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Old May 27, 2012, 05:13 PM   #1
WIN1886
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627 Pro Series ammo question ?

I was told by a local source to practice more with 38 special ammo and only use 357 mag loads for when necessary ! I bought the N frame Smith so I could practice more with full power 357 ammo to adjust to it and have it sighted in for my hunting loads ! I love this revolver by the way....it is very accurate and the recoil is not bad with full power ammo ! I mainly use 357 ammo with 158 gr or heavier bullets in the 627........think this is okay for practice ? Thanks !
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Old May 27, 2012, 06:29 PM   #2
Webleymkv
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The 627 will handle copious amounts of .357 Magnum ammo without issue and there is no reason to restrict your usage of the gun to .38 Special ammo if you don't want to.

The "shoot .38's and carry .357's" advice is usually applied to K-Frame Magnums including the models 13, 19, 65, and 66. Even with those, that advice is somewhat exaggerated as even K-Frames can typically withstand thousands of rounds of full power .357 Magnum ammo so long as bullets no lighter than 140gr are used. The weakness of the K-Frames was that the forcing cone was thinner in the six o'clock position and somewhat prone to cracking in that spot if fed a steady diet of lightweght magnums (the full power 125gr loadings were the most notorious offenders).

The N-Frames such as your 627, however, have very thick forcing cones and I don't believe I've ever even heard of one cracking much less seen it in person. Whoever told you that your revolver was not up to a steady diet of .357 Magnum ammo was severely misinformed.
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Old May 27, 2012, 06:46 PM   #3
Shotgun693
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There a good chance your Grandson might need to send the gun back to Smith for a little tune up. I doubt you will.
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Old May 27, 2012, 06:50 PM   #4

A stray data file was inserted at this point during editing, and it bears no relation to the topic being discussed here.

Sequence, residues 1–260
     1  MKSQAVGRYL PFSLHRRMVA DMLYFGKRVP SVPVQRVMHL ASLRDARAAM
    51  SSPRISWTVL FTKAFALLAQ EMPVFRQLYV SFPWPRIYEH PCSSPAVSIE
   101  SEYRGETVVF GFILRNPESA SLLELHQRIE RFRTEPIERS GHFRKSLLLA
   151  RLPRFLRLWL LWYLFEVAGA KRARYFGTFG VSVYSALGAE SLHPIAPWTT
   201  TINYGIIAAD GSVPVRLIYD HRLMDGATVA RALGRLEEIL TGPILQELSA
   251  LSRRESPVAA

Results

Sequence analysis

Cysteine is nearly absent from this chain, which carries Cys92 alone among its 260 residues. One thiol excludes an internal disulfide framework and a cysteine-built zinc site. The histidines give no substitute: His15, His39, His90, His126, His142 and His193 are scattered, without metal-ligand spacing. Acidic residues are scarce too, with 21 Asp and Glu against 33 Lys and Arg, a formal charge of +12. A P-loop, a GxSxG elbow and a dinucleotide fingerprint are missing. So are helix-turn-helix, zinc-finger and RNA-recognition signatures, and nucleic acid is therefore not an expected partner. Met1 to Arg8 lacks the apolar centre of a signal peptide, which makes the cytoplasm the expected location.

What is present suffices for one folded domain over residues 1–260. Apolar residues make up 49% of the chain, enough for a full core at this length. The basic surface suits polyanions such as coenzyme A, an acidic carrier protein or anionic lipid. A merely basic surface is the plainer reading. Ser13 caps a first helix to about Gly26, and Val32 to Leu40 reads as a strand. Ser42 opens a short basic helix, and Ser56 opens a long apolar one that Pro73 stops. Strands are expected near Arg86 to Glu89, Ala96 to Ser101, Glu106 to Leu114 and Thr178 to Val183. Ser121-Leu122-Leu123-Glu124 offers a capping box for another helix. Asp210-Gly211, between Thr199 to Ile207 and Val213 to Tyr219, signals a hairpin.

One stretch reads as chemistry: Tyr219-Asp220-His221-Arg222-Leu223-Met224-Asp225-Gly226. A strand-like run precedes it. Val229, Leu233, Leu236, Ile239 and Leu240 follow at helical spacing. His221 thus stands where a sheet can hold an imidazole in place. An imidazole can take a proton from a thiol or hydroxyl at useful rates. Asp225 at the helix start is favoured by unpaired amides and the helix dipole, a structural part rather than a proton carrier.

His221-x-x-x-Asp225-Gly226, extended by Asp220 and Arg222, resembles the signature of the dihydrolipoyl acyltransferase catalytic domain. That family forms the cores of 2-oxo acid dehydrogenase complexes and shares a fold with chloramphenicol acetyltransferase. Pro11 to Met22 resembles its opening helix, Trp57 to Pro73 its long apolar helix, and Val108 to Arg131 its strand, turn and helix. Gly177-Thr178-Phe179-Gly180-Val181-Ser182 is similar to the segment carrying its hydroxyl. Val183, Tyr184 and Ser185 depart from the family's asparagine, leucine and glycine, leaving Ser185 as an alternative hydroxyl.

bds32
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I hate shooting 38's in a .357 because of the crud buildup in the cylinder. I reload .357 cases in a mild load. I agree that the n frame will handle the pounding. That is what it was designed for.
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Old May 27, 2012, 07:38 PM   #5
Lambdebois
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My guess is that the person who was mis informed and telling the original poster this.... may not have been saying this because of the forcing cone or frame but possibly because there is less wall thickness between the 8 chambers of the cylinder. However I don't know if this is even true as I have never held an 8 shot 357 smith next to my 686+ to compare thicknesses of the cylinder walls. Just guessing. I've never read anything about an n frame having problems with heavy loads either. I doubt the performance center would chamber an n frame for 8 shots of 357s if the cylinder couldn't stand up to the abuse the 686+(7 shot) that an L frame cylinder could.

Why not ask S&W about corbon and buffalo bores heavy weight and hot loads for the 357 and if they are okay? Another one to ask them about would be the use of federal's 125 jg 357b JHP ammo or equivilent loads.... especially if your worried about the forcing cone as that and winchestor similar ammo was the ammo that was mostly blamed for forcing cones in K frames from what I've read.

I seriously would be very very surprised to learn you couldn't shoot the hottest factory loaded amunition all day in it....

I would love that gun if you don't like it... Will offer trade Just not my 686+
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Old May 27, 2012, 10:12 PM   #6
WIN1886
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Thanks all for the replies ! I guess I was thinking more that the thinner wall thickness due to the 8 shot cylinder as being the reason he recommended not using a steady diet of 357 full power for practice....however , it doesn't make much since to me that S&W would restrict their largest framed 357 to shoot mostly 38 special ammo ! I will contact S&W just to see what they recommend for loads or any restrictions they might have for it...for the record , I doubt there is any but just want to be reassured ! If anyone has any further info I appreciate the replies , thanks !
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Old May 28, 2012, 11:49 AM   #7
Webleymkv
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While the chamber walls are certainly thinner than those of an 8-shot N-Frame, they don't look all that much thinner to my eye than those of a medium frame 6 or 7-shot cylinder. Honestly, the only times I've ever heard of a quality revolver's cylinder letting go is with a grossly overpressure cartridge such as handloads which were mistakenly double or triple-charged.
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Old May 30, 2012, 04:28 PM   #8
WIN1886
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S&W information !

I was informed that as long as the factory 357 magnum ammo used meets SAAMI specs the 627 Pro Series can be fed as much of it as you want ! This has to be my all time favorite revolver right now...it definitely is the most accurate , most comfortable to shoot , and has the smoothest DA of anything I've owned so far ! Mkay , I never owned a Python or Dan Wesson !
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Old June 2, 2012, 03:45 PM   #9
Florida Guy
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The N frame is a workhorse.
I doubt you will ever wear it out no matter what ammo.
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